slang Bored or annoyed with someone or something. I'm fed to the teeth with this weather—will it ever stop raining? We're all fed to the teeth with your constant complaining, Marge!
See also: fed, teeth

feed (one's) face

slang To eat a lot of food, especially quickly and in a short period of time. I have to leave for my four-hour meeting in 15 minutes, and I don't want to be hungry later, so I need to feed my face real quick before I head out. Sorry, I'm not hungry for dinner—I really fed my face at the luncheon earlier.
See also: face, feed

feed the kitty

To give money to a collection or pool. (A "kitty" is such a collection of money.) Once everyone has fed the kitty, I'll deal the next hand.
See also: feed, kitty

cornfed

Unsophisticated due to being from a rural locale (where corn would be a common staple); hickish. Can someone help this cornfed guy navigate the subway system?

the Fed

An informal shortening of "The Federal Reserve" or "the Federal Reserve System" the central banking system of the United States. Primarily heard in US. The Fed has said it will not raise interest rates this year in an attempt to stabilize the economy. Inflation is expected to increase 2.3%—significantly higher than the Fed's prediction in December.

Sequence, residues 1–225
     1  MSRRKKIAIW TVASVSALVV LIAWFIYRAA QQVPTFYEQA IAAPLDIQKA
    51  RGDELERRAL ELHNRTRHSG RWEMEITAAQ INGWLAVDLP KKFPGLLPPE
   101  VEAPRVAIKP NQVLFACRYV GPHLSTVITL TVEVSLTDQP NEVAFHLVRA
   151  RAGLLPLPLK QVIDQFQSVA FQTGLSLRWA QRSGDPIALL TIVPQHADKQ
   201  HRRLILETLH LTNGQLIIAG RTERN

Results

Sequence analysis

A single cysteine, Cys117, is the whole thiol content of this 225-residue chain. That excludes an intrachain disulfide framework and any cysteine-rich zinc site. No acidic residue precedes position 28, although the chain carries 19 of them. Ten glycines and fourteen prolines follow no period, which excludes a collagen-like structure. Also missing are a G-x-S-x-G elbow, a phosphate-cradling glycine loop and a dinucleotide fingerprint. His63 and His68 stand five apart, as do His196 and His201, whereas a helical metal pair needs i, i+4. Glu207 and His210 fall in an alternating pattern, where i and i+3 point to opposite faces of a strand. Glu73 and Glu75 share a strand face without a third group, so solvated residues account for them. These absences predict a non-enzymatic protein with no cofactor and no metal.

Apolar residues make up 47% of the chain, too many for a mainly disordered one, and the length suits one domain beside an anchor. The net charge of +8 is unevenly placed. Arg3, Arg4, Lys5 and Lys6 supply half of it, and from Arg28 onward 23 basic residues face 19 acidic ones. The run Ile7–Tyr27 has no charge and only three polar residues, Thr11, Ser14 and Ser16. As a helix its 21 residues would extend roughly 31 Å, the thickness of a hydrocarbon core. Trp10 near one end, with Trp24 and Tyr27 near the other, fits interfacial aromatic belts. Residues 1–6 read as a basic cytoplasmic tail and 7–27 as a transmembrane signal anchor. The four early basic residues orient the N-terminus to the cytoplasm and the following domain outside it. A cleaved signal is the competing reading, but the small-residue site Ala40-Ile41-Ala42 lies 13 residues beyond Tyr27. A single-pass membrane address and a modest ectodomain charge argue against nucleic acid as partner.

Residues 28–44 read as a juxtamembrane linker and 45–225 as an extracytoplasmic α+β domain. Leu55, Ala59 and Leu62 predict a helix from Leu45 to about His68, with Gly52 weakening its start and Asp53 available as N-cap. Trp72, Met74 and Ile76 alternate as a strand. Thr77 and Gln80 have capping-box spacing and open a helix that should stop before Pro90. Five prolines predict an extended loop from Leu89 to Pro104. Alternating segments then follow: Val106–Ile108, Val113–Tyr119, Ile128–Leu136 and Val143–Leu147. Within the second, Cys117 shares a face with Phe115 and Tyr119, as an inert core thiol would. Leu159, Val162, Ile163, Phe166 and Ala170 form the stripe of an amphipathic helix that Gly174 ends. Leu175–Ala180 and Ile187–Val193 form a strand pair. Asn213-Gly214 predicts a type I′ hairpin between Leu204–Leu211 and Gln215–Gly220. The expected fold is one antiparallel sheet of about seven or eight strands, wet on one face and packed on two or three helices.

See also: fed

the feds

Any federal agency, or the individual agents thereof, responsible for enforcing laws regarding drugs, taxes, immigration, etc. Primarily heard in US. The massive amounts of money coming in and out of the company's accounts attracted the attention of the feds, who suspected they might be involved in money laundering. It turned out the drug dealer had been working as an informant for the feds for years, supplying information on rival gangs and distributors around the country. As soon as this becomes a hostage situation, the feds will take over.
See also: fed

feed (something) back into (something)

To try to re-insert something into a machine. Good luck feeding that paper back into the printer—that thing seems to have a mind of its own!
See also: back, feed

feed into (something)

1. Literally, to insert or input something into something, such as a machine. In this usage, a noun or pronoun can be used between "feed" and "into." I fed a dollar bill into the vending machine and contemplated my options. Have you fed the data into the machine yet?
2. To empty into another body of water, as of a river, tributary, etc.. Does this river really feed into the ocean?
3. To contribute, relate, or segue into something. Your worrying just feeds into my own anxiety about performing, so please stop talking! Paul's comment actually feeds nicely into the next part of today's lecture.
See also: feed

feed (something) to (someone or an animal)

1. Literally, to give food to someone or an animal. Don't worry, I already fed dinner to the kids. Have you fed dry food to the cat today?
2. To tell to someone something that is untrue. If you keep feeding Mom and Dad lies, they're gonna be furious when they inevitably find out the truth.
See also: feed

*fed up (to some degree) (with someone or something)